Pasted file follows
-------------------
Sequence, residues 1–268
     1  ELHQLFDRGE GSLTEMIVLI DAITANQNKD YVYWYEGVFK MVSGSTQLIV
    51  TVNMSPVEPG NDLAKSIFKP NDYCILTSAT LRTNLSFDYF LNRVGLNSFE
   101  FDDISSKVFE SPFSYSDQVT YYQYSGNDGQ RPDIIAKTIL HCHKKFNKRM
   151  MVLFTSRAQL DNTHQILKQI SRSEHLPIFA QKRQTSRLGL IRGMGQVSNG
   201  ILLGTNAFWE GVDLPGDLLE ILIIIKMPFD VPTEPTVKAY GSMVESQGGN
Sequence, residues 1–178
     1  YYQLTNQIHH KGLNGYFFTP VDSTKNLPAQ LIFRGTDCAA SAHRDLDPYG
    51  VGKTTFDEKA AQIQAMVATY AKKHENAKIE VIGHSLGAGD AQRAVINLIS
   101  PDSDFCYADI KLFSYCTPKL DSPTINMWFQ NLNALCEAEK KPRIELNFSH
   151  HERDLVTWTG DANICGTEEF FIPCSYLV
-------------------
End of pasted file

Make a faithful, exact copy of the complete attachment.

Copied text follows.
Sequence, residues 1–268
     1  ELHQLFDRGE GSLTEMIVLI DAITANQNKD YVYWYEGVFK MVSGSTQLIV
    51  TVNMSPVEPG NDLAKSIFKP NDYCILTSAT LRTNLSFDYF LNRVGLNSFE
   101  FDDISSKVFE SPFSYSDQVT YYQYSGNDGQ RPDIIAKTIL HCHKKFNKRM
   151  MVLFTSRAQL DNTHQILKQI SRSEHLPIFA QKRQTSRLGL IRGMGQVSNG
   201  ILLGTNAFWE GVDLPGDLLE ILIIIKMPFD VPTEPTVKAY GSMVESQGGN
Sequence, residues 1–178
     1  YYQLTNQIHH KGLNGYFFTP VDSTKNLPAQ LIFRGTDCAA SAHRDLDPYG
    51  VGKTTFDEKA AQIQAMVATY AKKHENAKIE VIGHSLGAGD AQRAVINLIS
   101  PDSDFCYADI KLFSYCTPKL DSPTINMWFQ NLNALCEAEK KPRIELNFSH
   151  HERDLVTWTG DANICGTEEF FIPCSYLV